Which seats swing the most?

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Last month I posted an analysis looking at how much seats have moved in terms of their two-party-preferred rank, relative to every other seat in the country. Matt Cowgill on Twitter suggested I also look at the average size of swings in each seat in absolute terms (ie. ignoring whether the swings went one way or the other) to judge which seats seemed to be the most swingy.

This statistic could go in line with the changes in rank, but it doesn’t necessarily follow along. A seat could slowly swing in one direction continuously over 15 years, or could swing back and forth and end up roughly where it started.

So in this post I’ve produced a map showing this metric for each seat, and I look at the seats at the top and bottom end of the scale.

For this analysis I’ve looked at the swings at each of the five elections from 2007 to 2019, based on my data adjusting past election results for current electoral boundaries.

This map shows this statistic for each electorate.

The seat with the highest average swing is Dawson, with 7.68%. The seat swung very hard to Labor in 2007, swung back to the LNP in 2010 and 2013, again swung to Labor in 2016, and swung very hard to the LNP in 2019. Every swing was 4.3% or more, and the swing was over 10% in 2007 and 2019. Dawson’s early swings saw the seat change hands twice in two terms, but over the last few terms it has shifted strongly into the LNP column.

The next on the list is Bass in northern Tasmania, with an average swing of 6.97%. Bass experienced swings of 9-11% in 2013 and 2016, and reasonably sizeable swings in the other elections. Unlike Dawson, Bass remains very marginal and has probably changed hands more than any other seat over that time period.

Macarthur was third with 6.92%. Macarthur saw double digit swings in 2007 and 2016. It managed third place despite a swing of just 0.08% in 2019.

The remainder of the top ten are:

  • Capricornia (6.84%)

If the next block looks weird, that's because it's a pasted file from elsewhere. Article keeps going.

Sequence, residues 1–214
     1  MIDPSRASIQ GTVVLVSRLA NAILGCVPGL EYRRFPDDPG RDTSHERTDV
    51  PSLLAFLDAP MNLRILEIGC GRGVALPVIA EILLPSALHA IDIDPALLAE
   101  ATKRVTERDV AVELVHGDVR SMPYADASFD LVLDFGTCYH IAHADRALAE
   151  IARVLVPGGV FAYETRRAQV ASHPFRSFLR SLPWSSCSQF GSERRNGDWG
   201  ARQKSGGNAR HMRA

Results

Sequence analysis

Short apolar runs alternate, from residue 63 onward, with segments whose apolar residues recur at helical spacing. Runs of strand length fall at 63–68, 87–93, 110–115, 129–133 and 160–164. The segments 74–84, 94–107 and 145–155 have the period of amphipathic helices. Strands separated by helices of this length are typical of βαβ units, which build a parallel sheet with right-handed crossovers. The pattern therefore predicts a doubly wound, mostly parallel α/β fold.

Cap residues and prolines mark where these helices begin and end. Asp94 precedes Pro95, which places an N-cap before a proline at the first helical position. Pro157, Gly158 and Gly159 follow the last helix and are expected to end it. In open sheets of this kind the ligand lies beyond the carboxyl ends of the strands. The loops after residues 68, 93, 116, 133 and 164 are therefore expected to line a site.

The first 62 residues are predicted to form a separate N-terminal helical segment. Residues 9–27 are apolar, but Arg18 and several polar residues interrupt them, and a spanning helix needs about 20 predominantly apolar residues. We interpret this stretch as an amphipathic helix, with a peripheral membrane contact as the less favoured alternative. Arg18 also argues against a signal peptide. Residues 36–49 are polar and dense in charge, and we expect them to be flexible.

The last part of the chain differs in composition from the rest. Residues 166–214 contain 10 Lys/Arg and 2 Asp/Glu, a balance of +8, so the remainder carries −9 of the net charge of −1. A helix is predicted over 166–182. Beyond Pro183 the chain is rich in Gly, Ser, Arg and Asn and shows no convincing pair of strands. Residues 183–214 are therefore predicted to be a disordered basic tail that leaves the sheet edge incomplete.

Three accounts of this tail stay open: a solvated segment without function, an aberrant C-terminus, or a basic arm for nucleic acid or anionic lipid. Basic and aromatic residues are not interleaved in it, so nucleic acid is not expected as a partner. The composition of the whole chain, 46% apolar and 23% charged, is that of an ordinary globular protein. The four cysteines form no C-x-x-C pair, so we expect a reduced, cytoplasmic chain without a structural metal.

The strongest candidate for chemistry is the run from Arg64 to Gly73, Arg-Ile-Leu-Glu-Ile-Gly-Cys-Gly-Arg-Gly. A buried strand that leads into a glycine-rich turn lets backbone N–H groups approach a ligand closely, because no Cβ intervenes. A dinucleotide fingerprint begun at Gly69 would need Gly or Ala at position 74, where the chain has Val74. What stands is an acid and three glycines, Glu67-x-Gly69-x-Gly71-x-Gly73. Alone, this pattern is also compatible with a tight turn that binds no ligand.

• Chifley (6.44%)
  • Forde (6.33%)
  • Hawke (6.20%)
  • Spence (6.16%)
  • Flynn (6.13%)
  • Paterson (6.12%)

This includes three seats in central Queensland, with six seats in outer suburbia.

At the other end of the scale, the seat of Moore in Perth has swung on average by just 1.3%. The swing was between 1.1% and 1.4% at three elections. It was slightly larger in 2010 (2.5% to the Liberal Party) but just 0.17% in 2019.

Fenner in northern Canberra has swung on average by just 1.46%, while Fremantle, Canberra and Melbourne have only swung by about 1.7%. Bear in mind all of these swings are looking at two-party-preferred vote between Labor and Coalition, so it ignores the strengthening Greens vote in the seat of Melbourne.

The next five are:

  • Perth (1.80%)
  • Bean (2.11%)
  • Tangney (2.25%)
  • McPherson (2.28%)
  • Swan (2.31%)

This list includes five Perth-area electorates, and all three ACT electorates.

When you look at the map, you see some broader trends. Tasmania and Queensland tend to have bigger swings, particularly in regional areas. South Australia also shows up as having strong swings. Western Australia ranks low, with urban areas having particularly small swings.

Regional New South Wales and Victoria tend to have smaller swings, but there are clusters of seats in Western Sydney and Western Melbourne which have had bigger swings, along with parts of the Hunter and Illawarra.

UPDATE

After posting this I came to a realisation that there was another question I want to answer, and I don’t have any spare days for another blog post before the election: does the size of past absolute swing predict future swing?

First I looked to see whether the absolute size of the swing at the 2019 election had a relationship with the average absolute swing at the previous four elections. No luck, the correlation was +0.17 and the scatter plot was pretty much just a cloud.

But if you look at the swing in 2019 to or from Labor compared to the average absolute swing, that does appear to have a relationship. The correlation is -0.47, and the chart does show something.

The 2019 election saw some seats swing one way, and others swing the other. It looks to me like Labor gained ground in seats which don't normally swing that much, and lost ground in the traditional swinging seats. Very interesting, and may have some implications for the longer term trends I've been analysing.

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4 COMMENTS

  1. Thanks Ben

    I shall take a look at my own analysis of this statistic, which cover swings back to about 1958

  2. Very complicated maybe look at state wide swing then measure how elastic swing is. Eg say nsw swings 5% then look at swings 2 or 4 % below this average or above it . QLD last election causes problems with this measure. Would need to have long term figures

  3. Nuthin’ is correlated with nuthin’

    Here a a few stats from 182 electorates in the 1958-2019 period (N=2998 results).

    Brand is swingiest
    Namadgi is least

    Mean 4.22%
    Min 0.71%
    Max 8.43%
    Skewness 2.33
    Kurtosis 9.11
    StDev 4.06%
    Z score ranges -.87 to +.8, with a centre-point at -0.07

    No signif correlation with past results;
    with average results;
    with anything much;
    – typically R-sqs are about .001 or less

    So … the tea leaves reveal nothing

  4. I did an analysis on about 2880 electorate results from 1958 to 2019, which I summarised by saying “nuthin’ correlates with nuthin'”

    There was about 20 lines more, but I think it all went down the plug-hole … so the above will have to do

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